FDIC Prodding Pensions to Invest in Failed Banks
Submitted by Leo Kolivakis, publisher of Pension Pulse.
In my last post on pension black holes, I discussed how Irish trade unionists has accused the Government of plundering the National Pension Reserve Fund to appease zombie banks.
On Monday, BusinessWeek published an article from Bloomberg's Dakin Campbell, Failed Banks May Get Pension-Fund Backing as FDIC Seeks Cash:
Federal Deposit Insurance Corp. is trying to encourage public
retirement funds that control more than $2 trillion to buy all or part
of failed lenders, taking a more direct role in propping up the banking
system, said people briefed on the matter.
Direct investments may allow funds such as those in Oregon, New Jersey
and California to cut fees for private-equity managers, and the agency
to get better prices for distressed assets, the people said. They
declined to be identified because talks with regulators are
Oregon’s retirement fund may
contribute $100 million as regulators seek “the support of state
pension funds to solve the crisis surrounding ongoing bank failures,”
Jay Fewel, a senior investment officer at the Oregon State Treasury,
said in a presentation at the fund’s Feb. 24 meeting. New Jersey’s fund
may also participate, said Orin Kramer, chairman of New Jersey’s State
The FDIC shuttered 140
lenders last year and expects the tally may be higher in 2010.
Regulators have avoided signing up private-equity firms as rescuers on
concern that they might take too much risk. Pension funds, whose 100
largest members manage $2.4 trillion, could provide capital to acquire
deposits and outstanding loans from collapsed banks, according to the
“The FDIC is constantly looking at structures where we can get the
greatest opportunity to tap into capital that we have not had the
success reaching through previous disposition methods,” FDIC
spokeswoman Michele Heller said in an e-mailed statement. “We welcome
and work with all investors.”
rules don’t prohibit pension funds from buying failed banks. Until now,
they have typically chosen to invest through private-equity firms using
limited partnerships, which gives pension funds little to no control
over the day-to-day management of the investments. They also pay
management fees levied on the amount of money committed as well as a
percentage of any profit.
examining a broad range of alternatives to take advantage of what I
believe are attractive transactions coming out of the FDIC,” said New
The state pension system faced a shortfall of about
$46 billion as of last year because of investment declines and a
failure to make full contributions, according to annual financial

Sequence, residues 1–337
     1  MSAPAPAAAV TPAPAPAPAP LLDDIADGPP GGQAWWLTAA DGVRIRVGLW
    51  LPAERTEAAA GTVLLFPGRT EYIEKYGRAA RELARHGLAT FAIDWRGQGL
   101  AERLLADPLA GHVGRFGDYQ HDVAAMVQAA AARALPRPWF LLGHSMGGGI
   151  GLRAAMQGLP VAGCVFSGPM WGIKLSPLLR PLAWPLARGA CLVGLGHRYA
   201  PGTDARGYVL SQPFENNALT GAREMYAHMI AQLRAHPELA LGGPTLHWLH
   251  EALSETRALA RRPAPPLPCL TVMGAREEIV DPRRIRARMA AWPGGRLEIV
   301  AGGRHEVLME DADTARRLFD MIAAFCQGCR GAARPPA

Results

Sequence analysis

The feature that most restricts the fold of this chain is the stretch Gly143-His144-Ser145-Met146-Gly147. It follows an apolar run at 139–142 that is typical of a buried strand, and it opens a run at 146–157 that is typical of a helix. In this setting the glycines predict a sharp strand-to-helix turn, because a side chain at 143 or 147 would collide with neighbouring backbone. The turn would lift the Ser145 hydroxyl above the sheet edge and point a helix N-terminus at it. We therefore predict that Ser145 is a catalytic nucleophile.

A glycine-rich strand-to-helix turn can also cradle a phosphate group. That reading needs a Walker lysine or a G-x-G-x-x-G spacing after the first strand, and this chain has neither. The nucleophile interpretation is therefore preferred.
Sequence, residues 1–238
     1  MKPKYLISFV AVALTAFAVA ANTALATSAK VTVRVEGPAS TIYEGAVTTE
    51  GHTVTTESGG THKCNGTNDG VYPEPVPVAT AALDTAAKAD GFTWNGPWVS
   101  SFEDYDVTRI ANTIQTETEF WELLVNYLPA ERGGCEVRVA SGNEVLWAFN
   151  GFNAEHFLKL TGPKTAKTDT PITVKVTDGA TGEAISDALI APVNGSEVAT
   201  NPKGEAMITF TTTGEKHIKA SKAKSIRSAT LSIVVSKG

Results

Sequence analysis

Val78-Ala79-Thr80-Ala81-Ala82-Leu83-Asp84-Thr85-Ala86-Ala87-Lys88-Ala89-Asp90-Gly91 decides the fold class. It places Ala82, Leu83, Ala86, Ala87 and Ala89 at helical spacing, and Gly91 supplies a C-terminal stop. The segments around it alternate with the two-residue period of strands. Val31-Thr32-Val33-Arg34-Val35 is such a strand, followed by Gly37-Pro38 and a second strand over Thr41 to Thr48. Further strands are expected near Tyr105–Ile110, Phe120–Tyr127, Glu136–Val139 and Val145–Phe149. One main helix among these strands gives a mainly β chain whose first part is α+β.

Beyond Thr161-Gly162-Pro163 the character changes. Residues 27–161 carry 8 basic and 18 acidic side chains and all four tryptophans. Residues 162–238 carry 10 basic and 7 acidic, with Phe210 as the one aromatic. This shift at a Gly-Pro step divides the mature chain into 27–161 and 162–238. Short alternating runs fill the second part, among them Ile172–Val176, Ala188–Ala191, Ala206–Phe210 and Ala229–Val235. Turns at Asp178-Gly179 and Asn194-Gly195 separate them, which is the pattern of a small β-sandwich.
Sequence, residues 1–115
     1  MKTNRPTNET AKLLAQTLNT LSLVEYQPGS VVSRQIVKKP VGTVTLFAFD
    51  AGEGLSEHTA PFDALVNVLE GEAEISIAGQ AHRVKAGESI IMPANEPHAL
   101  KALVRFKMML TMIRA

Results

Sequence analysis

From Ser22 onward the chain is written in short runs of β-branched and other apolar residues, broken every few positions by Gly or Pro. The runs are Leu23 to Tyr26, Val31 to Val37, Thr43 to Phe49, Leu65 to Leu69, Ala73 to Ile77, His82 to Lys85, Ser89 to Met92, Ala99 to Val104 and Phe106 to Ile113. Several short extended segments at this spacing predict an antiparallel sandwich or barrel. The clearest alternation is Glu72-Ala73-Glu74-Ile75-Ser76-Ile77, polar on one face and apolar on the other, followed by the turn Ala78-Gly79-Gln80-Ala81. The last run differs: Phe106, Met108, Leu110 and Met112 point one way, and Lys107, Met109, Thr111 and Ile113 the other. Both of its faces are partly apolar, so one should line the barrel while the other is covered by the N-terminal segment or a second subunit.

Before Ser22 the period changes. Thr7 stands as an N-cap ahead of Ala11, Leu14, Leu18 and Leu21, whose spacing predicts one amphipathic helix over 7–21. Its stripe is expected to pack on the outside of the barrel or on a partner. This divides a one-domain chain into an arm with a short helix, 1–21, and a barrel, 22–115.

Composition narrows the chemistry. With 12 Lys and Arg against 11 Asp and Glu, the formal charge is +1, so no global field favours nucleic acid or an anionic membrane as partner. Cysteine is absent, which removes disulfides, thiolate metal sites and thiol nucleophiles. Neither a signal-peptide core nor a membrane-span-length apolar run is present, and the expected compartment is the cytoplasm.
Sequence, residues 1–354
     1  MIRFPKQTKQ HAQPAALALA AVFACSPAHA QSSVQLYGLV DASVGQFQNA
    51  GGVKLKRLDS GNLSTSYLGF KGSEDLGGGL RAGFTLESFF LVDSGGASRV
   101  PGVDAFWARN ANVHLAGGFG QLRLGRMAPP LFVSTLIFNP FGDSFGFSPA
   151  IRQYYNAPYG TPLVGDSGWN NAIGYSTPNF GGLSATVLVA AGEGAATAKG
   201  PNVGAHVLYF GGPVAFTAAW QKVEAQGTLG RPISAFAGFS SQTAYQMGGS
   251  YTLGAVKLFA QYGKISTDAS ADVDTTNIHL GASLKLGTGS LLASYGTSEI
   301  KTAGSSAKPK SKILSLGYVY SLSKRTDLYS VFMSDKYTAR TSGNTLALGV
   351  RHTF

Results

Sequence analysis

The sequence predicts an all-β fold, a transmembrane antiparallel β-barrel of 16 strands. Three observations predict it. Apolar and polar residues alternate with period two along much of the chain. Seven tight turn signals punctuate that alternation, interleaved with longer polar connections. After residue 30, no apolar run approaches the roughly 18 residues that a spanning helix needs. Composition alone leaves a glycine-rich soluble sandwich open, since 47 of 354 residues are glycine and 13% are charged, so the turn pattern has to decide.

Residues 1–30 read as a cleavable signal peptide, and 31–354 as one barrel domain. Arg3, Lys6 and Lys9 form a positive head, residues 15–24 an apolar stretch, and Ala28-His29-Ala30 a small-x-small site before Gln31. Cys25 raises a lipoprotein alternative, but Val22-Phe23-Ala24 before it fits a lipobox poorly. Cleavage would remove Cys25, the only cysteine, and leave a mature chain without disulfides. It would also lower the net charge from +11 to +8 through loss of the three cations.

Oregon State Fund
Oregon would invest in Community Bancorp LLC, a bank being formed by
Capital LLC, according to the Oregon presentation. Sageview
was founded by former Kohlberg Kravis Roberts & Co. executives
Scott Stuart and Ned Gilhuly. Sageview is looking to raise about $1
billion from pension funds and similar investors, the presentation said.
the structure makes sense, pension funds would be better off investing
in existing banks, said Chris Whalen, managing director of
Institutional Risk Analytics of Torrance, California. At those lenders,
management will oversee details of buying failed lenders and save
pension funds the time and effort needed to launch a new bank, he said.
“If they are really interested in playing this area, they should put
their money into a larger bank that’s already playing here,” Whalen
said. “If you look at the risk-reward and the distraction involved,
it’s not worth it” to back a new bank, he said.
Investing in distressed banks doesn’t always pay off, as the U.S.
Treasury Department learned with the Troubled Asset Relief Program. At
least 60 lenders skipped some of their promised dividends to the TARP
fund, according to SNL Financial, and a $2.33 billion stake in CIT
Group Inc. was wiped out last year when the lender went bankrupt.
Amegy’s Paul Murphy
Sageview, based in Greenwich, Connecticut, and Palo Alto, California,
would get yearly fees as an adviser and would also invest about $100
million of its own. Ruth Pachman, a spokeswoman for Community Bancorp,
declined to comment.
Community Bancorp will look
to buy three or four banks in the next three years and will be run by
Paul Murphy, the presentation said. Murphy built Houston-based Amegy
Bank into a $12.3 billion-asset lender over more than a decade, and
it’s now owned by Salt Lake City-based Zions Bancorporation.
“We’re pleased with the Oregon decision,” Murphy said in an interview.
He declined to comment further as the group is still raising capital
and in a “quiet period.”
Spokesman James Sinks at Oregon’s Treasury said the state is still negotiating its commitment, and declined elaborate.
After the credit crisis ate into private-equity returns, pension
managers started looking for ways to trim fees and boost returns. The
California Public Employees’ Retirement System, the largest U.S. public